2018 Updated Information: Huaca Pucllana is a well-preserved pre-Inca temple complex located right in the heart of Lima’s Miraflores district. Huaca Pucllana is a great place to take an afternoon or evening tour. Visitors can also dine in Huaca Pucllana’s on-site restaurant.
Although Peru is best-known for the lost Inca city of Machu Picchu, visitors looking to find remains of ancient cultures need not journey deep into the Andes mountains to find them. Prehistoric ruins abound in every region of Peru. In fact, you don’t need to look any further than the popular tourist district of Miraflores in Lima to find some extraordinary ancient treasures. The Huaca Pucllana temple, as one of the most important monuments of ancient Lima, is a wonderful place to spend a couple hours exploring and, located right in the heart of the Miraflores district, it’s an eminently accessible activity as well. After you’ve concluded your tour, you can sit down and enjoy a meal at the on-site restaurant, which serves upscale and creative versions of Peruvian classics.
Here’s everything you need to know about the magical Huaca Pucllana temple in Miraflores before you go.
Behind the Name: Huaca Pucllana
The title “huaca” appears in the name of many ancient monuments in Peru, and refers to any type of revered or sacred monument. Pucllana is derived from the word “puclla,” which means game. Huaca Pucllana is thus a sacred place where games are played, in this case likely some type of ceremonial or ritual game.
The History of Huaca Pucllana
Huaca Pucllana was built in the year 400 AD by the Lima culture, which ruled the Peruvian central coast for around 500 years and developed technologies such as irrigation which allowed them to thrive in the harsh desert climate. The adobe-and-clay complex of Huaca Pucllana had a dual function. The western half of the site was an important ceremonial center for religious rites, complete with a 22-meter-high pyramid. The eastern half of the site was used as an administrative outpost for the surrounding irrigation zone and includes several open spaces likely used for public meetings. The two halves of the complex are separated by a large dividing wall.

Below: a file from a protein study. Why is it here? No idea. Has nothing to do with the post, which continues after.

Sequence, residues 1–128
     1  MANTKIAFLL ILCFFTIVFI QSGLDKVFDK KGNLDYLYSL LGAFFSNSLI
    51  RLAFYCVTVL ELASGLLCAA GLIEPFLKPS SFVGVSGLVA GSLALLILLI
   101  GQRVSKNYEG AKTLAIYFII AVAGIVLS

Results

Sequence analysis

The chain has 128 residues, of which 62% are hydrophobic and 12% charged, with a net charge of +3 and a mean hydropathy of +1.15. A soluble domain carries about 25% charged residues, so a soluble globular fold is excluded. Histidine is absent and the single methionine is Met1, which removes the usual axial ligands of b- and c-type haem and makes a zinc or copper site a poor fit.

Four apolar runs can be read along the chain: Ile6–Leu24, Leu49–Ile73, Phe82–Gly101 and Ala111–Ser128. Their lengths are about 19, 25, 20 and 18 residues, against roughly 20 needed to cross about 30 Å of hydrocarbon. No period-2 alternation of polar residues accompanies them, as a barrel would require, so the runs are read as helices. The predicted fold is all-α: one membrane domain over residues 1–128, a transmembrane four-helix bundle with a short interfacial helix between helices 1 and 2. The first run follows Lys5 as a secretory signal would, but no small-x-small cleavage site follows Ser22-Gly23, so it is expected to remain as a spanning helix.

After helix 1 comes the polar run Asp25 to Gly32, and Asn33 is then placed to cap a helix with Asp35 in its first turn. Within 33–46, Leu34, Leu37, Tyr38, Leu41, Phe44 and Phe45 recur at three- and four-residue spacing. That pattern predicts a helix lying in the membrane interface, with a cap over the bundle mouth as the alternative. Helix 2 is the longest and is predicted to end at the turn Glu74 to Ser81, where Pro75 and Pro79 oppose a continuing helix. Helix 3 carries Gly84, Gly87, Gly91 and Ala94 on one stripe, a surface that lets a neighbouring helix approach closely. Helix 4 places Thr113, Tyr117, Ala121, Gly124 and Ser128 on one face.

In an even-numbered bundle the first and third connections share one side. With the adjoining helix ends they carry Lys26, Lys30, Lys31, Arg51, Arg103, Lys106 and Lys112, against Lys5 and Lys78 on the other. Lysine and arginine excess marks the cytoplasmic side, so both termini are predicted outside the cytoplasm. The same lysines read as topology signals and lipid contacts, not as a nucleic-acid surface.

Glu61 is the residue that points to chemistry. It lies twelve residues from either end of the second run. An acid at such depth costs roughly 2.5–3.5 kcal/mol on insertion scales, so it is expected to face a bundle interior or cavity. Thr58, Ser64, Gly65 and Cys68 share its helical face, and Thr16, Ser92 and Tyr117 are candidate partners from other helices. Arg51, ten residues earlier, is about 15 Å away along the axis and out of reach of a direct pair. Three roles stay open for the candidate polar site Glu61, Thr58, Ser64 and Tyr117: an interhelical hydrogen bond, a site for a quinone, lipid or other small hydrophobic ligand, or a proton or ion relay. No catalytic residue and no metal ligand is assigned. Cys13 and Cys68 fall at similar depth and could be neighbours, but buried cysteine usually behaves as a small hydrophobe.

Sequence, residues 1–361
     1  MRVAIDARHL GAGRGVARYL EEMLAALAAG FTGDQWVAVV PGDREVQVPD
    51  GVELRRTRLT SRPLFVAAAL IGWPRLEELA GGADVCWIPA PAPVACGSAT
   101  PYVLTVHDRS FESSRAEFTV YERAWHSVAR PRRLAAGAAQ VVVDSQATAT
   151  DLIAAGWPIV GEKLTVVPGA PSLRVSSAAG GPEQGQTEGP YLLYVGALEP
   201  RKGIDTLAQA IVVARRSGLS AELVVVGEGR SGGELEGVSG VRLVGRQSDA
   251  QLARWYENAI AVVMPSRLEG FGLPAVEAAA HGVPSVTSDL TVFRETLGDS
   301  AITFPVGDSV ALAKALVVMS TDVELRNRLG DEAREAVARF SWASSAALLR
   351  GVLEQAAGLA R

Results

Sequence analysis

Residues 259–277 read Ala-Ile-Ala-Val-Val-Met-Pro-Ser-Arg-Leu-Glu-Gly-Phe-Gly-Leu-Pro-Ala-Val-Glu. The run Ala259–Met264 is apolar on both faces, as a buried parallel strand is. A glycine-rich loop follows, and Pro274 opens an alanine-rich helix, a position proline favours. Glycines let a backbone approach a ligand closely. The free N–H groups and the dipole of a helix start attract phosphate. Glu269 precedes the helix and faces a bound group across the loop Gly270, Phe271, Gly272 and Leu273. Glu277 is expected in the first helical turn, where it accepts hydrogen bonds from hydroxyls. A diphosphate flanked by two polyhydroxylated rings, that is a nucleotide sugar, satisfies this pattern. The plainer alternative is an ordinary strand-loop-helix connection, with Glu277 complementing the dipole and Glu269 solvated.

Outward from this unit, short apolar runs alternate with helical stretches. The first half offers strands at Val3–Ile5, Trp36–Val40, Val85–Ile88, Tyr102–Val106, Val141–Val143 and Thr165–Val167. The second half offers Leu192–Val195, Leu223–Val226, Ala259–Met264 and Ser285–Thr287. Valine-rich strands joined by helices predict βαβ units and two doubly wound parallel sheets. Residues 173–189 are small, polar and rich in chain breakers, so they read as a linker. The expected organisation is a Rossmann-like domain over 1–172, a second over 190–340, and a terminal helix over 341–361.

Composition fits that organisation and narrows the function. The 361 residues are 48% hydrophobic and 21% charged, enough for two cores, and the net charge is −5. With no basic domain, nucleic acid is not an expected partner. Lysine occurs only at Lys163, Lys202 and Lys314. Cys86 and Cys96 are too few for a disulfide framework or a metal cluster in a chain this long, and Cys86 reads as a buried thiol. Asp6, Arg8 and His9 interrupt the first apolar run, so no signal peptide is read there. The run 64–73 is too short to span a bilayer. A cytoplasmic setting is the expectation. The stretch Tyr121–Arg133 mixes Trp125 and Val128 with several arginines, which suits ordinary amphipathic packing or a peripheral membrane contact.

With the arrival of the invading Wari civilization in 700 AD, Huaca Pucllana lost its regional importance and was largely abandoned except as a burial place for Wari nobility. The first fully intact grave from this period was discovered in 2008 and contained the remains of three adults, two of whom were buried wearing masks, along with a child who was evidently sacrificed.
After the collapse of the Wari civilization in 1000 AD, the area was settled by the Ychmas, an Aymara-speaking people centered around the city of Pachacamac. The Ychmas used Huaca Pucllana primarily as a site for worship and sacrifice, though graves from this period have also been uncovered recently.
The Ychmas were eventually absorbed into the Inca Empire. When the Incas arrived in Lima, the site was already deemed a “ñaupallaqta” (sacred ancient town). So, Huaca Pucllana was already considered ancient even then! Pretty amazing to think about, and goes to show you how much history this venerable old pyramid has.
Huaca Pucllana Restaurant
After a day of exploring Miraflores and touring the ruins of Huaca Pucllana, you’ll definitely have an appetite. The restaurant located at the foot of the Huaca Pucllana complex has received considerable acclaim since it opened some 18 years ago. It features high-quality, creative versions of Peruvian classics with an emphasis on using local ingredients. It is recommended to call ahead and reserve seats outside, where you’ll have a dazzling view of the ancient pyramid, which is illuminated by floodlights at night.
Before You Go
The Huaca Pucllana archaeological site is located at Calle Gral. Borgoño, block 8 in the Miraflores district. The site is easily accessible for visitors, as most of Lima’s tourist hotels and hostels are located nearby (for more information, check out our blog on What to Do in Miraflores). The Huaca Pucllana ruins are open to visitors Wednesday thru Monday 9 AM to 5 PM (closed Tuesday). Nighttime service exists Wednesday thru Monday (7 PM to 10 PM). The entrance costs S/15.00 (a little under $5). Half price admission also exists for children under 12 and senior citizens.
Make sure you check out our list of What to Do in Miraflores for some other ideas for your stay in this wonderful district.